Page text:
THE BLOG

How to Avoid the Danger Lurking at Your Holiday Office Party

12/10/2013 01:18 pm ET | Updated Feb 09, 2014

Even though it was two years ago, I can still remember the conversation like it was yesterday.

My friend, Janet, called me in hysterics the night of her company holiday party. Earlier that evening, she was mingling with many co-workers. As the night went on, she found herself deep in a conversation with one of her male co-workers. And before she knew it, she was being hit on harder than a hammer to a nail.

And not only did this "prince charming" know she was married, he was married as well!

Well, over the next year, the situation got so bad that she eventually left the company.

Because of the obvious anguish Janet was in and how astonishing this was to me, I needed to find out more.

So, I surveyed the Working Moms Only community to see just how common this occurs in the workplace.

Well, my friends -- it is not just prevalent, it is a freakin' epidemic!

I could not believe my ears when I learned that 81% of the Working Moms Only community had been hit on by a co-worker at a company holiday party.

You heard me right -- 81%!

And the hits keep on coming...

I have always adopted the philosophy that knowledge is power. If you do not know that a problem exists, you cannot solve it.

So, I am publishing the results in their entirety:

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Because of these scandalous results, here's the advice you must follow and offer to others this holiday season!

7 MUST-DO'S

• Avoid drinking too much. Limit your intake to no more than two drinks. Not only will you be more aware of your surroundings, but you will pick up on signs that something uncomfortable may occur.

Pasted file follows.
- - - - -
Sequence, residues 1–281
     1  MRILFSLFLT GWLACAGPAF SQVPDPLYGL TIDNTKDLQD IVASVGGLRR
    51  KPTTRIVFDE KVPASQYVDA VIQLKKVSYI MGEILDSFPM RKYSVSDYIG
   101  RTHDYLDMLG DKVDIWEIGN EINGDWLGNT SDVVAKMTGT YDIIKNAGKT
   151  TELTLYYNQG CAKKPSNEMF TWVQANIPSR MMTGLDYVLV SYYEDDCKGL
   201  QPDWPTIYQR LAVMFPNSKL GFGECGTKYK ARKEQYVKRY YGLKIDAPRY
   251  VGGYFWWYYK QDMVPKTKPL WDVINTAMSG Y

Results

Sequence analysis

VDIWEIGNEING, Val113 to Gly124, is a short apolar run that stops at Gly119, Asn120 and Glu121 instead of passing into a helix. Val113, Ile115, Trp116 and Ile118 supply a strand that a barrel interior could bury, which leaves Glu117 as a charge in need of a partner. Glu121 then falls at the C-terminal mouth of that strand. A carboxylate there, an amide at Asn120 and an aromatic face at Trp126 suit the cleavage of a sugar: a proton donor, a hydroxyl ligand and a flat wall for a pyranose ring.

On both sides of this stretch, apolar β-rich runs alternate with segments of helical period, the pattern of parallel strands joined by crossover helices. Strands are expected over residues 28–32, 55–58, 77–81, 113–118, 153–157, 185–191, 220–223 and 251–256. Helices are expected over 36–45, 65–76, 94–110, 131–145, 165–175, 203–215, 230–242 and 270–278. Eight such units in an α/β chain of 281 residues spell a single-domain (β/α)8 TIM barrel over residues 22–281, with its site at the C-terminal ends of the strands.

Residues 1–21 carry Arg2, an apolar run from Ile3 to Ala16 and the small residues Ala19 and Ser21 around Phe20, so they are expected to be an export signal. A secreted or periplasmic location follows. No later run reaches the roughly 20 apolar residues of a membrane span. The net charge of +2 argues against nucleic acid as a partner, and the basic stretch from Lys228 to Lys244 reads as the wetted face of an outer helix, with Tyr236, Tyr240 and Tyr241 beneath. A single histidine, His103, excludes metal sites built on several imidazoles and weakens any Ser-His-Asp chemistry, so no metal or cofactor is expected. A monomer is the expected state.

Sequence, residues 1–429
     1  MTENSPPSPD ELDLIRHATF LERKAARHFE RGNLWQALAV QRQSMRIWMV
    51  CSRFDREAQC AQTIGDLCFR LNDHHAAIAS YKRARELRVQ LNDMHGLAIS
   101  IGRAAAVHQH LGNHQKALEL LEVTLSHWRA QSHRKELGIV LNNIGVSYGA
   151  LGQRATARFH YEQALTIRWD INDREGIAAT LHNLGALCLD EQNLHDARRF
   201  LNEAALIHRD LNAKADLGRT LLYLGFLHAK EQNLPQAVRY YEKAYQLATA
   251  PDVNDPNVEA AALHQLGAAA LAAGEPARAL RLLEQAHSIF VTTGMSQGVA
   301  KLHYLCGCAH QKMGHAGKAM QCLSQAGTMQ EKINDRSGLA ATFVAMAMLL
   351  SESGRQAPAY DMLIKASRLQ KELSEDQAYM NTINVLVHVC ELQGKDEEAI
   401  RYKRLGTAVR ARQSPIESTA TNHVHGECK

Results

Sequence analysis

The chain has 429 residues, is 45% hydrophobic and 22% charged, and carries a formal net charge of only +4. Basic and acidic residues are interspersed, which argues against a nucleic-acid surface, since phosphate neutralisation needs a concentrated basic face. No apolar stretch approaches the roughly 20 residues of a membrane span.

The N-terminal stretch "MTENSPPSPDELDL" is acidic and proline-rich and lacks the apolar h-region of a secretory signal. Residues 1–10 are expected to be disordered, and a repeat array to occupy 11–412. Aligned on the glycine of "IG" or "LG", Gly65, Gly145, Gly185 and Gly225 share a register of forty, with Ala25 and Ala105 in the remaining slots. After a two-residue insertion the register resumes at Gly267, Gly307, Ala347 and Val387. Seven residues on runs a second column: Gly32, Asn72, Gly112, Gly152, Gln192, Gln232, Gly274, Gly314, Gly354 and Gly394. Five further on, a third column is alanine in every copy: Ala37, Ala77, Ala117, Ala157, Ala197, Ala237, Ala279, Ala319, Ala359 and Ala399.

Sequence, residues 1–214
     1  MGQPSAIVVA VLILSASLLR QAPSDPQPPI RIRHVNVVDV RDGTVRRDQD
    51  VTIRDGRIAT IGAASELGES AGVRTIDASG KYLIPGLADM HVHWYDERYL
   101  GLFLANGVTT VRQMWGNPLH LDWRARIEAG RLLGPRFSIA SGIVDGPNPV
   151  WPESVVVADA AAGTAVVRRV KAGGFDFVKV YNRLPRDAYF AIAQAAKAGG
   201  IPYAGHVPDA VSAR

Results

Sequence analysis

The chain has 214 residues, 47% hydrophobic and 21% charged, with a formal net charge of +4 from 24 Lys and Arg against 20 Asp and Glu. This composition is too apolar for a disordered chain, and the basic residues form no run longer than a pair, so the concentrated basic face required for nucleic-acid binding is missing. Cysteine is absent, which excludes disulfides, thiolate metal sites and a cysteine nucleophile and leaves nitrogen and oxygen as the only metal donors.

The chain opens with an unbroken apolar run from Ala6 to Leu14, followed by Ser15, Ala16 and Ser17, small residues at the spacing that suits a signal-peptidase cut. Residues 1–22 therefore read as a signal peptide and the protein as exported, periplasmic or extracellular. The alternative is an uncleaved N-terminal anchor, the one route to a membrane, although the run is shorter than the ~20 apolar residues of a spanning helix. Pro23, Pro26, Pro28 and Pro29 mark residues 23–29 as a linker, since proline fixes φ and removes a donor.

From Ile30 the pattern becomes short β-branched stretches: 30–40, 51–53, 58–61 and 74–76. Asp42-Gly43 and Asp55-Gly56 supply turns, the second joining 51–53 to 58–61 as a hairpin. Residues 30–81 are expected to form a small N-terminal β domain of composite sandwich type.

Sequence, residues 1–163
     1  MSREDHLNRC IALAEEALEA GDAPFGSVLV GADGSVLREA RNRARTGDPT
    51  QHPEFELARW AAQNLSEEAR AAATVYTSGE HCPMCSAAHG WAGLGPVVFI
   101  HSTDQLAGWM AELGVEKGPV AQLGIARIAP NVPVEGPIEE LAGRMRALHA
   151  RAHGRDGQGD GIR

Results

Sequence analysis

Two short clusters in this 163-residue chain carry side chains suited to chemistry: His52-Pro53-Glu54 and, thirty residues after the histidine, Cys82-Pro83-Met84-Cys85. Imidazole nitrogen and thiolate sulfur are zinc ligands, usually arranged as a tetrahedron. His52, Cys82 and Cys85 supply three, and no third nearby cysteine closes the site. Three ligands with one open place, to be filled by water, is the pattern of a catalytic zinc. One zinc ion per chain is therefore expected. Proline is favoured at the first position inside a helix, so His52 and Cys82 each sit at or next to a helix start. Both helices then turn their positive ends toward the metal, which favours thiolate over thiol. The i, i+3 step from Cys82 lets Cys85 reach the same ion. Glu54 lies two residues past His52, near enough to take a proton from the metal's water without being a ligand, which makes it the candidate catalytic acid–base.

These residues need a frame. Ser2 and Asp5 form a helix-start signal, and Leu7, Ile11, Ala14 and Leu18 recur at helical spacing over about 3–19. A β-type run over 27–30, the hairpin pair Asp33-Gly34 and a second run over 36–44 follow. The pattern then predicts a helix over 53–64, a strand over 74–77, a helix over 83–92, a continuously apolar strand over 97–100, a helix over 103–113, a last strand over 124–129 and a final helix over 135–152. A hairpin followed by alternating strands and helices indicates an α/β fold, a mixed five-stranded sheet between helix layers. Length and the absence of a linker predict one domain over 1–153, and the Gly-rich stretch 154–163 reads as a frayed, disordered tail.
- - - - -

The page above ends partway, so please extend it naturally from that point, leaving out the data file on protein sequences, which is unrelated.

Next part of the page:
• Don't spend too much time talking to one person, or any male colleague, who has been drinking too much.

• If you do not have a date, bring a friend or relative with you. We just had our company party last week and many women and men brought a sibling; one even brought her mom.

• Always remain in a group setting and do not go off alone with anyone, even if you know this person very well. Remember, Janet had been working with her coworker for, well, over a year.

• Avoid getting into deep personal stories with co-workers.

• If you find yourself in an uncomfortable situation, be direct and firm when turning down their advances, even if this person is your supervisor and even if this causes a scene.

• Should this happen to you, report the incident immediately to the HR Department.

There are strict laws that protect us from these kinds of situations. It does not matter if this person is your supervisor or not.

One of the saddest parts of this survey is that 79% of women who had this happen to them DID NOT report the incident.

We cannot allow this to continue. Do we really want to send our daughters, nieces, sisters and friends out to a workplace where this is permitted?

Hell no!

We have the power to change this -- silence is NOT the answer.